The Cockerpoo isn’t a registered breed, so parents don’t have to be registered, and being registered is no guarantee of good health and a nice temperament.  Rather than worrying about the ‘purity’ of the parents then it’s worth asking breeders about health testing and temperament. EnglishCockers are prone to a number of disorders, including progressive retinal atrophy (PRA), Familial Nephropathy (FN), hip dysplasia, epilepsy, and ear problems(because of their long ears).  American cockers may also have a predisposition to glaucoma. Miniature and Toy poodles tend to have fewer health problems than Standard Poodles, but, as with Cockers, predispositions to PRA and to epilepsy are common. Toy poodles are also prone to patella luxation (where the kneecap slips out of place), while hip dysplasia is a problem among Miniature Poodles). 

Healthwise, then, testing for disorders suffered by both cockers and poodles, such as PRA and hip dysplasia, is sensible. ‘Hybrid vigour’ won’t protect a pup from suffering a disorder if both ‘pure-bred’ parents carry the faulty gene. F1 hybrids should also be tested, if they are to be bred from.  If you can track the family tree of any pup you’re interested in, and know how long the pup’s ancestors lived, and what illnesses they suffered from, this is a good guide to how health the pup is likely to be.

Some disorders are linked to the ‘design’ of the dog. Ear trouble tends to be linked to long ears, and like Cockers, Cockerpoos are prone to ear problems. It’s well worth lifting and checking your Cockerpoo’sears after every walk for grass seeds, and keep an eye on any headshaking or smelly ears.

Cockerpoo coats are far from easy care as ‘marketed’. Grass seeds and burrs can easily be caught up in their coats so daily grooming is vital, and it helps to do a quick ‘deburr’ after walks, before burrs have a chance to become embedded. The curly texture of Cockapoo fur is also prone to matting. Cockerpoos tend not to moult at all, like Poodles, and their coats can grow quite long, especially if the Cocker parent had a very long coat, so they’ll also need regular haircuts.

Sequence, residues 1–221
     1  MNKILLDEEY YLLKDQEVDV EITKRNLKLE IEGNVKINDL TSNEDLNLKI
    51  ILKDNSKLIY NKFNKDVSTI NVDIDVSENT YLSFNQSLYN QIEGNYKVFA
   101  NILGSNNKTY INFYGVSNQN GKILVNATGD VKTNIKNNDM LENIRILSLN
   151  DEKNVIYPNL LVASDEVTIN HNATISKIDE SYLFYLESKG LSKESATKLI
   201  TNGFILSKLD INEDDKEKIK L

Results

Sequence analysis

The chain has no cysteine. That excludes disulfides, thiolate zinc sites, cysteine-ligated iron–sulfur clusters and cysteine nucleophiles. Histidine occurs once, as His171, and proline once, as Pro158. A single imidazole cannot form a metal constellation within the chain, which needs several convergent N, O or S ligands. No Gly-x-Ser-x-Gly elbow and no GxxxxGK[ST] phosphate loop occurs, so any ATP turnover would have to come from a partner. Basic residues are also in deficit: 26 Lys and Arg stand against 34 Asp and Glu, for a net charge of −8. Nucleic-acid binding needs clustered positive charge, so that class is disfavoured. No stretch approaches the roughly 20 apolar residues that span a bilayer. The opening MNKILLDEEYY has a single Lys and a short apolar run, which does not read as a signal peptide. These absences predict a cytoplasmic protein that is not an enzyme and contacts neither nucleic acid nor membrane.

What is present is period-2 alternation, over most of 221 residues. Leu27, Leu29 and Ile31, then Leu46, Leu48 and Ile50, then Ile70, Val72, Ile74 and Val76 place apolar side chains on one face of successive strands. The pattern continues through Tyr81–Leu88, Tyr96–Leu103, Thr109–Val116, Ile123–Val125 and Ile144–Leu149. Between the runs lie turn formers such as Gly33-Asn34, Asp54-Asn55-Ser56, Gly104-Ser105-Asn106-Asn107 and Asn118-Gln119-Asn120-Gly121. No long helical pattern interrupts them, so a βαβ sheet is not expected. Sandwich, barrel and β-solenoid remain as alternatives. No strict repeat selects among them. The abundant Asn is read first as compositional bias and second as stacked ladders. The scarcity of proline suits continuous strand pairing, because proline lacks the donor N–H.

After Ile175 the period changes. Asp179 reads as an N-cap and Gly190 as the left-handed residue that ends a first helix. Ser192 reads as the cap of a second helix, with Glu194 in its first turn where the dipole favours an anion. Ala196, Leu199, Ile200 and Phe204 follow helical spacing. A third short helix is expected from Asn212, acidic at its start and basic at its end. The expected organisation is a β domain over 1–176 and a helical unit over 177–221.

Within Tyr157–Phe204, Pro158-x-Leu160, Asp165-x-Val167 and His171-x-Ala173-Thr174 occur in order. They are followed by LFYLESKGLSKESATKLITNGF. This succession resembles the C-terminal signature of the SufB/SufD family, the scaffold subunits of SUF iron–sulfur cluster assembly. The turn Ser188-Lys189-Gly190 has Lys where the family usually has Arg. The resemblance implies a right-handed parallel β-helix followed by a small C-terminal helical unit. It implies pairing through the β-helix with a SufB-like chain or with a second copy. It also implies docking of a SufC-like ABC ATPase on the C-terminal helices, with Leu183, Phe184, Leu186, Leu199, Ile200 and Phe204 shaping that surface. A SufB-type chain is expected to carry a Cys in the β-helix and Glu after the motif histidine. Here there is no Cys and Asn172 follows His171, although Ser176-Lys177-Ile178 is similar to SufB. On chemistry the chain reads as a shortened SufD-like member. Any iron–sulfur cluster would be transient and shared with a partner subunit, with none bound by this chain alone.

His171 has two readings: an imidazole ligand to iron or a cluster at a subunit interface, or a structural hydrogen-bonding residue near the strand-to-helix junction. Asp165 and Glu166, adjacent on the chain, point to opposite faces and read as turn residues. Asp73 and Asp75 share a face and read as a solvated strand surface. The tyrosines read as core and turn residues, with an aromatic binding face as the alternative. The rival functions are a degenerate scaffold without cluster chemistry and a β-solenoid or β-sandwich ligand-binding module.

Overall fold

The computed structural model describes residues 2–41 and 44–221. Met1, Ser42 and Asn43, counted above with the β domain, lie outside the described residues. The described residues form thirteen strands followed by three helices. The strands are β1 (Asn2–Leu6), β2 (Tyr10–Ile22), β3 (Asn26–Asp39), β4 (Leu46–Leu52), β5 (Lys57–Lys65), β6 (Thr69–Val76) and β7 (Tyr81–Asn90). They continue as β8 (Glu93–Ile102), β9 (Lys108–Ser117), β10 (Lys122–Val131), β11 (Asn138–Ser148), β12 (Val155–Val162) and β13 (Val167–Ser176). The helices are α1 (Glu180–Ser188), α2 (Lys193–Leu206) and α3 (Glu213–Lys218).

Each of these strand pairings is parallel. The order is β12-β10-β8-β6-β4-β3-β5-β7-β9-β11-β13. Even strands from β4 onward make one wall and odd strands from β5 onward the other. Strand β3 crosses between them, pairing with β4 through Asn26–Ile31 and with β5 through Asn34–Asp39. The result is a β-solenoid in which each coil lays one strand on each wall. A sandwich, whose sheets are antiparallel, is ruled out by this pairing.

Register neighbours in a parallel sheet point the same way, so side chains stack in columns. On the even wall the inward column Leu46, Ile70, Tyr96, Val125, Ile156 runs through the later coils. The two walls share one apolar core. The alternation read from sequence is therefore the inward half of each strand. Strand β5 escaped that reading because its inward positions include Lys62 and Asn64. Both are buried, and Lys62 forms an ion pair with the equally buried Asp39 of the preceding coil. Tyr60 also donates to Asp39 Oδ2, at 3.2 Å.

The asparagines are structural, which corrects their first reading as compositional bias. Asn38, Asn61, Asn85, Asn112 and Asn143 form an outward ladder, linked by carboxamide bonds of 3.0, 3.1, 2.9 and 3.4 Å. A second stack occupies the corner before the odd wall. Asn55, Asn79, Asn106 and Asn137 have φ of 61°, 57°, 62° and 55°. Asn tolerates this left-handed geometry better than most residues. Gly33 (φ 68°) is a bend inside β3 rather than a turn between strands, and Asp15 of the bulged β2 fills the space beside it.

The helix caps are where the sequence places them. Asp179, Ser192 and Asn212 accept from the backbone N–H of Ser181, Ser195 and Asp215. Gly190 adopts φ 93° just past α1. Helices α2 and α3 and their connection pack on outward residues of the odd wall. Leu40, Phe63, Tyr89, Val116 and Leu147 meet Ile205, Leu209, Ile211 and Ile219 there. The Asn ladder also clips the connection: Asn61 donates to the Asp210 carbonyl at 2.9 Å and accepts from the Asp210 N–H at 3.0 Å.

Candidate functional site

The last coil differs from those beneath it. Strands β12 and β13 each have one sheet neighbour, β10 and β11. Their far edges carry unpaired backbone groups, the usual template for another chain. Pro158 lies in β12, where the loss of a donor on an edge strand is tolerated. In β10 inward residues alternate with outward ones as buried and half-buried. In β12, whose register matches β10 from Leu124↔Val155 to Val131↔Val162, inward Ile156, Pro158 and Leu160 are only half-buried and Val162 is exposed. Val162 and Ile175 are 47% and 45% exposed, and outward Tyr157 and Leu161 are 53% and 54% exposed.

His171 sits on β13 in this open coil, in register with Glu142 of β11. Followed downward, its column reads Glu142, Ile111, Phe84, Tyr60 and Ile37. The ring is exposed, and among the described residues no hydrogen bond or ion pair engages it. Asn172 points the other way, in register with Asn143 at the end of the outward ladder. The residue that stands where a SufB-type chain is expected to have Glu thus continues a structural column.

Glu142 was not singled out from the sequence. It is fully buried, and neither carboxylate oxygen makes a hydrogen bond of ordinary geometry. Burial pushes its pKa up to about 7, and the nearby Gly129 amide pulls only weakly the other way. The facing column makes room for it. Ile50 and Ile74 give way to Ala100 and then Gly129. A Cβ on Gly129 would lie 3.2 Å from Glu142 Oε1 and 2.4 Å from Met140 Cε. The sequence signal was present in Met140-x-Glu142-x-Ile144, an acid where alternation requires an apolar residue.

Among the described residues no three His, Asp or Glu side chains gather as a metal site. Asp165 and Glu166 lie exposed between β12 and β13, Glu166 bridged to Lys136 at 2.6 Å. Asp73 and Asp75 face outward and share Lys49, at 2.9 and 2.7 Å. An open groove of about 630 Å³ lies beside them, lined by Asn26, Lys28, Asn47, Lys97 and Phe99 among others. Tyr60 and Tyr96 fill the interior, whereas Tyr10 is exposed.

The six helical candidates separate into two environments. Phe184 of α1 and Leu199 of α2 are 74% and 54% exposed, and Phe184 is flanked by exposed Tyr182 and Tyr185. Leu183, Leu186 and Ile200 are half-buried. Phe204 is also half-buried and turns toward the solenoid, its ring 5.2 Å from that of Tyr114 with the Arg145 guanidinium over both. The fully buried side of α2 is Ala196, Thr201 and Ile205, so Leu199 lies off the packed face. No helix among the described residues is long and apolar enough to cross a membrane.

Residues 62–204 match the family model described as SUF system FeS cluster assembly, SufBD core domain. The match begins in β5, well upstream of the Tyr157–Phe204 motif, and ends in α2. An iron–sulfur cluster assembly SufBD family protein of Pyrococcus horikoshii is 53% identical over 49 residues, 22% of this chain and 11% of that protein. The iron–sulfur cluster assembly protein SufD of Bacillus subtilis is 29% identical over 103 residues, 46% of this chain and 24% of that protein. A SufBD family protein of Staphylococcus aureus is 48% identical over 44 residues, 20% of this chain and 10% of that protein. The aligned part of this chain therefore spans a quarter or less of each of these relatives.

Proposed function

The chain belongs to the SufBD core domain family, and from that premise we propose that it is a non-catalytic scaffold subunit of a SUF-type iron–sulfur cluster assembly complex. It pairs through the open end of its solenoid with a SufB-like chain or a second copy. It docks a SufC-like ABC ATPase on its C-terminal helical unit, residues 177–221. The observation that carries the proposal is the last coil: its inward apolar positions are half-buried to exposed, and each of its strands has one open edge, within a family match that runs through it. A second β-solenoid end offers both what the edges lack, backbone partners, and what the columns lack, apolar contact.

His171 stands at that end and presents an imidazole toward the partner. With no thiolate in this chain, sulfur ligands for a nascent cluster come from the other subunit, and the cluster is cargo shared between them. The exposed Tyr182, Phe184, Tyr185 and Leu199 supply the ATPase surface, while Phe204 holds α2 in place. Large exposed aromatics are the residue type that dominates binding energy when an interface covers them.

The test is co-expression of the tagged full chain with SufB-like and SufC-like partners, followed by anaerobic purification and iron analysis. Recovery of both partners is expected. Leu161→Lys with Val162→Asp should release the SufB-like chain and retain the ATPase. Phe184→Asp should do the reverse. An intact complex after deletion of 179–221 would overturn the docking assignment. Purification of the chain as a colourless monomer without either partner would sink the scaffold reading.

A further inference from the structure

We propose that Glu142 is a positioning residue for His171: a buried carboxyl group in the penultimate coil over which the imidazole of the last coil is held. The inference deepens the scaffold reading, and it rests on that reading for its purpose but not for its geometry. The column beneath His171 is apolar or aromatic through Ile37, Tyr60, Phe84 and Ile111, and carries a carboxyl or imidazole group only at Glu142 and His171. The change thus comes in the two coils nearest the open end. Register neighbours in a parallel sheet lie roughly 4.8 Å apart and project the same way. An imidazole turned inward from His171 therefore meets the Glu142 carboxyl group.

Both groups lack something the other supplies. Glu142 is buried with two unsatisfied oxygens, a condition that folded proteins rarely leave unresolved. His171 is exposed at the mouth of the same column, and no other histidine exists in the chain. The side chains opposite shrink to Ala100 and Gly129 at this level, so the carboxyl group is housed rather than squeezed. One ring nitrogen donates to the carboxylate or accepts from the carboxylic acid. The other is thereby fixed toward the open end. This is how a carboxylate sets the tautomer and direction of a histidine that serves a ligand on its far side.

Hair over their eyes obscuring their vision can be a real problem for Cockerpoos, and can contribute to wariness of other dogs and strange objects, a Cockerpoo trait which some owners report.  It’s important for dogs to be able to see our faces when they try to work out what we want, and generally to see what’s going on around them. Some owners give their Cockerpoos a cut that leaves them with too much of a fringe over their eyes to be able to see properly.

On the whole, Cockerpoos tend to be fairly energetic dogs. Those with working ancestors are likely to be much livelier than dogs with pet or show backgrounds. Trainers report that owners most often ask for help with their Cockerpoos guarding food or objects, and overreacting to other dogs, and strange objects.  Luckily, these issues can be tackled with training, and generally, Cockerpoos tend to be quite focused on their owners, which means that they’re relatively easy to train.

It’s quite likely that you’ll have met Cockerpoos, because they’re the most popular ‘designer breed' around, and you may have decided that they’re the right dog for you, because of the ones you know. They’re undeniably cute, but because there’s so much genetic diversity among Cockers and the smaller Poodles, Cockerpoos themselves can vary a lot in terms of health and temperament so it’s well worth doing your homework.

Linda Whitwam’s Cockerpoo Handbook is by far the most informative of books on the breed. It’s a book to read before you get your first Cockerpoo pup rather than afterwards, because she’s very helpful on how to choose a pup that’s likely to have a long and healthy life. It’s a reference book, rather than a glossy coffee-table breed book. It’s packed full of practical tips, covering the whole of a Cockerpoo’s life. It’s easy to read, and it was interesting to read the comments from Cockerpoo owners. This book is recommended by the British Cockerpoo Society, who Linda Whitwam consulted when she was researching the topic.